In John Carter, the ruling Thark king (or Jeddak) Tars Tarkas is probably the most conflicted creatures on the entire red planet. And at the John Carter press day, we sat down with Willem Dafoe — the man behind the giant alien monster — to get to the root of Tars' misery. Meet some baby Tharks and learn a little bit of Thark talk. In the words of Tars, listen you tiny white apes!

When we meet your character [Tars Tarkas], he seems a little conflicted with his people. Could you elaborate on that a little?


Willem Dafoe: He's very conflicted and I think that's one of the interesting parts of the character for me. Because his public face and his private thoughts are at odds with each other. His people, are people that really celebrate brutality, decisiveness and strength above anything else. And he remembers a time when they were more sensitive, more thoughtful, more cultured. He misses that, and thinks they're heading in the wrong direction. But he's their leader, and if he shows any weakness he'll be deposed. So he gets in trouble if he expresses, follows his heart, he's destroyed. And if he doesn't follow his heart, he's destroyed. So he's in a double bind.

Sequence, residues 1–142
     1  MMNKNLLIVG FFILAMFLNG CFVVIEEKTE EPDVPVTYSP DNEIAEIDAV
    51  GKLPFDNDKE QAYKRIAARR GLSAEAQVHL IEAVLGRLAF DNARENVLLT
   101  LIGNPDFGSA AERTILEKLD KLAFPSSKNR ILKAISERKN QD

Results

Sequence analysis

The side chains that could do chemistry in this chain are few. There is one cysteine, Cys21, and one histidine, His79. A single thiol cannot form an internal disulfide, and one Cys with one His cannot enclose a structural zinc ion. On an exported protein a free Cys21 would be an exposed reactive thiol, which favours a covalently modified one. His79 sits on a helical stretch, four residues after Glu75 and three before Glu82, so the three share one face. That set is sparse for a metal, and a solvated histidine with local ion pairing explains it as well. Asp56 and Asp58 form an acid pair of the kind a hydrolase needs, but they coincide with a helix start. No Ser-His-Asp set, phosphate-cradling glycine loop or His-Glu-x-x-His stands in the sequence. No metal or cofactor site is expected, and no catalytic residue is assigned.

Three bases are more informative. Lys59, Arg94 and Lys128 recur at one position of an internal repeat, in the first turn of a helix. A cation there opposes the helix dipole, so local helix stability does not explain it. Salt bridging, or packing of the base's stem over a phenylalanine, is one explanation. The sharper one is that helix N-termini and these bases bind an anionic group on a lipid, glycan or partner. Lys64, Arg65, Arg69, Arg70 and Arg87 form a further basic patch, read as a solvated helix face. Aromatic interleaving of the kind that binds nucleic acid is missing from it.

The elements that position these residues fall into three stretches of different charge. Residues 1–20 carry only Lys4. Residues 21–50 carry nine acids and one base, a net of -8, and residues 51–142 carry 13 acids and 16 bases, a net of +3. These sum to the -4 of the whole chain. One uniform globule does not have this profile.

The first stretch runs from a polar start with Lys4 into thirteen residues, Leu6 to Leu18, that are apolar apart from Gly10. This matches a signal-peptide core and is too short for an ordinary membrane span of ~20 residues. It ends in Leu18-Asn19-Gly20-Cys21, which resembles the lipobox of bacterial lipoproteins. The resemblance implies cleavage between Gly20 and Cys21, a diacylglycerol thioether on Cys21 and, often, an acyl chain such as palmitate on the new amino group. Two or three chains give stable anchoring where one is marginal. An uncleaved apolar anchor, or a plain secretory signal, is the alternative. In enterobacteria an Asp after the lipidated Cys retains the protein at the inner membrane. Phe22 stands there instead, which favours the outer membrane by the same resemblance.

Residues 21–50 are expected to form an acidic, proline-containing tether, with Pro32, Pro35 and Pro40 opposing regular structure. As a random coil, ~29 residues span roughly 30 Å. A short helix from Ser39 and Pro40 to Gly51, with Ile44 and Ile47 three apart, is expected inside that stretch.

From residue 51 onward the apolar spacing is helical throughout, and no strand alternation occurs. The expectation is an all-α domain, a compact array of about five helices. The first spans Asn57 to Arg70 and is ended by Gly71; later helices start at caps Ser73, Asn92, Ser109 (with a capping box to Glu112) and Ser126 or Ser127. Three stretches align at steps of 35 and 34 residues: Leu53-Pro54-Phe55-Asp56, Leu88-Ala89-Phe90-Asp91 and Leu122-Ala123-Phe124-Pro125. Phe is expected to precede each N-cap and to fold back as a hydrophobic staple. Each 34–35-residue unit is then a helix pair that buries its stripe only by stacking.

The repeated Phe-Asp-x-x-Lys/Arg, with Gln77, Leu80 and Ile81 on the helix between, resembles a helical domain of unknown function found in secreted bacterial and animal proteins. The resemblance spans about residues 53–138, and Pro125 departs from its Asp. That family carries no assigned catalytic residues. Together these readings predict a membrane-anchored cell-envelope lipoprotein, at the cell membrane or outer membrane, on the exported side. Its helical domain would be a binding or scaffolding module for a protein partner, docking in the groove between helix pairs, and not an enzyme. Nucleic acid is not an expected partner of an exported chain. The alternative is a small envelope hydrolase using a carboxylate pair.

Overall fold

What do you think Tars sees in Virginia, or John Carter?

He sees a possibility for change, because it's something new. It's something that's been given to him, he says he's like a sign. And then practically speaking, he sees him as an ally that can help them win a war that they're in the middle of.

Do you think warriors make good kings?

Probably. No, peacemakers make the best kinds. I'd like to believe that, I'm not sure that's true. But...


One of the most interesting parts of this film was learning about how Andrew Stanton made the eyes [of the Tharks], and that how your eyes had a lot to do with that decision. And you can see your face in an alien creature. Was there any particular moment that stuck out, to you, where you thought, "That's me with tusks!"

There were a few, there were a few. It's hard, just like anytime you watch a film. What you do is you watch it and you're bombarded by memories of filming. Because it's the recording that you did, and your memory gets jarred. So I'm mostly watching that. And I'm trying to see myself, and I'm probably projecting too much because I want to see myself in it. But then there were these moments where I would see something in the eyes or the expression that I felt was very human or very rooted to something I did.


What's harder — acting on stilts or acting with four hands?

You know, I probably cheated because I didn't always use all my forehands because I didn't need them. Stilts were more the center of his physicality.


Can you teach us a Thark phrase?

[Watch the above video, we're not going to butcher his elegant turn of Martian phrase.]


John Carter hits theaters on March 9. Full disclosure: Disney paid for io9's travel and expenses at this junket.

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